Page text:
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Re: Glass Hand Rail

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Joseph,

There are several different proprietary structural glass guardrail systems
out there.  In UBC jurisdictions, ref. section 2406.6 of the 1997 UBC.  In
general, keep in mind that glass is an inelastic and brittle material with
structural properties highly dependent on the nature and amount of
impurities in the silica from which it is made as well as the way it is
tempered during cooling.  Structural glass panels are often laminated and/or
heat strengthened.  Stress concentrations at notches, edges and restraints
are critical considerations.

In my experience, field load testing to "certify" completed glass guardrails
installations is commonly required, but the design team still needs to
specify something that is likely to pass the test.  This is usually done on
the basis of empirical data provided by the manufacturer/supplier of the
system (or of each of its components).  They should be able to provide
copies of test data to support the ability of the system to provide the
required factor of safety against failure under the code specified design
load.  For the glass itself, the data I have seen on past projects (usually
from PPG if I recall) has always been probabilistic rather than absolute
(i.e., for a particular product, the glass manufacturer will tell you what
the probability of failure is at a given stress), and I would be suspicious
of any data I got in an the form of an allowable stress or ultimate
strength.

I am currently working a project involving the system Nels referred you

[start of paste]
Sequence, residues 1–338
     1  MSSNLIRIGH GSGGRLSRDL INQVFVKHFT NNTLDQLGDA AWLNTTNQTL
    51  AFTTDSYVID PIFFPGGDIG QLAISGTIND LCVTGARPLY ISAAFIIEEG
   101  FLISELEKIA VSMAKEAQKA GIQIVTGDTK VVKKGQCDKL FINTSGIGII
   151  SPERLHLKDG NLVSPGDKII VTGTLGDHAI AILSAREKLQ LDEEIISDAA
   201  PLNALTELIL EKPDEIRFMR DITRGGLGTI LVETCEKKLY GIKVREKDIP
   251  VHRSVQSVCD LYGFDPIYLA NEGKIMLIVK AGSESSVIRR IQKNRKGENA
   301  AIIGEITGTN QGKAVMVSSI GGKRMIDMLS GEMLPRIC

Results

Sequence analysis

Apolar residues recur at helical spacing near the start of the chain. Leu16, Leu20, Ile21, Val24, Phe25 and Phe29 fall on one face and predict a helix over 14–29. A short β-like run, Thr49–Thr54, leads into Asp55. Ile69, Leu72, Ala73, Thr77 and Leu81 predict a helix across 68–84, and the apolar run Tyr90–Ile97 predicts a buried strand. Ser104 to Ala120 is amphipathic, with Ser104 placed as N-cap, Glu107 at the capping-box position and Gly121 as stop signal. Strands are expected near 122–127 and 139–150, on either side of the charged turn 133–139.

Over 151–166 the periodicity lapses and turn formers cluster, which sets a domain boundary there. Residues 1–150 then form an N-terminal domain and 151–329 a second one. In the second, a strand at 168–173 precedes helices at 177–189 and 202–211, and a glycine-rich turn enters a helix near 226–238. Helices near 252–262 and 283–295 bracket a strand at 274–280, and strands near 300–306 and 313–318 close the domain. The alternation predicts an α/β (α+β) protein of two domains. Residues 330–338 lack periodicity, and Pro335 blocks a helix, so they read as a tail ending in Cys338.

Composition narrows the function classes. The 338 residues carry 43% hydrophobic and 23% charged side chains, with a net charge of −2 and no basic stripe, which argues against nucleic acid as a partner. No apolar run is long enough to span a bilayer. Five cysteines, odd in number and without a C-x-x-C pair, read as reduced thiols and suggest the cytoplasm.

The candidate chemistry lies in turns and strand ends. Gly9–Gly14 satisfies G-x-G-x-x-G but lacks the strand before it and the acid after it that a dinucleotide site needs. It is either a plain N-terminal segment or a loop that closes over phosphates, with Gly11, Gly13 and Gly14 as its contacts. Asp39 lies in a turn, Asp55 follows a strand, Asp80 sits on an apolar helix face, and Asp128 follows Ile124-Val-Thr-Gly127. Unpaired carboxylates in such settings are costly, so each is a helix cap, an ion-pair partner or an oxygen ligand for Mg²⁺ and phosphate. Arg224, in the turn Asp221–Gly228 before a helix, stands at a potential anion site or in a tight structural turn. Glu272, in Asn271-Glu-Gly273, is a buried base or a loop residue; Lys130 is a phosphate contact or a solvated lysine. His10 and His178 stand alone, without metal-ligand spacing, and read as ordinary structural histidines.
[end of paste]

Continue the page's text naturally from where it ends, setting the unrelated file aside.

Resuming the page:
(Julius Blum).  I think you will find that they make hardware (base fittings
and top rails) but do not sell or warrant the structural glass balustrade
itself.  They will probably give you an old (1985) Wiss Janney Elstner
report to substantiate the ability of their cast aluminum base "shoes" (and
the machine screws used to attach them to structural steel backing) to
resist the moment created by the code required rail load.  You will have to
design and detail the backing (e.g., an edge of slab embed or torsionally
restrained edge beam) to receive the screws and resist the cranked in
moment.

A word of caution:  the WJE tests were made with steel panels rather than
glass.  In evaluating the resulting data and suggested details, you should
keep in mind that the structural characteristics of the materials used to
grip the bottom of the panels of glass may be critical.  Blum supplies
plastic setting blocks and (I believe) stainless steel channel caps to fix
glass within the glazing channel at the center of their shoe, and using any
other method to secure it could create a different distribution of stress in
the glass at a critical location -- leading to premature brittle failure.  I
recommend that you make sure that the system you are using has been tested
in the exact configuration you will have and that the contractor understands
that the installation must be exactly per the manufacturer's
recommendations.

Drew Norman, S.E.
Drew A. Norman and Associates
Pasadena

----- Original Message -----
From: "Joseph Ward" <joseph_ward(--nospam--at)leavittengineers.com>
To: <seaint(--nospam--at)seaint.org>
Sent: Wednesday, February 14, 2001 7:25 AM
Subject: Glass Hand Rail


> Has anyone out there seen a design method for glass hand rails?
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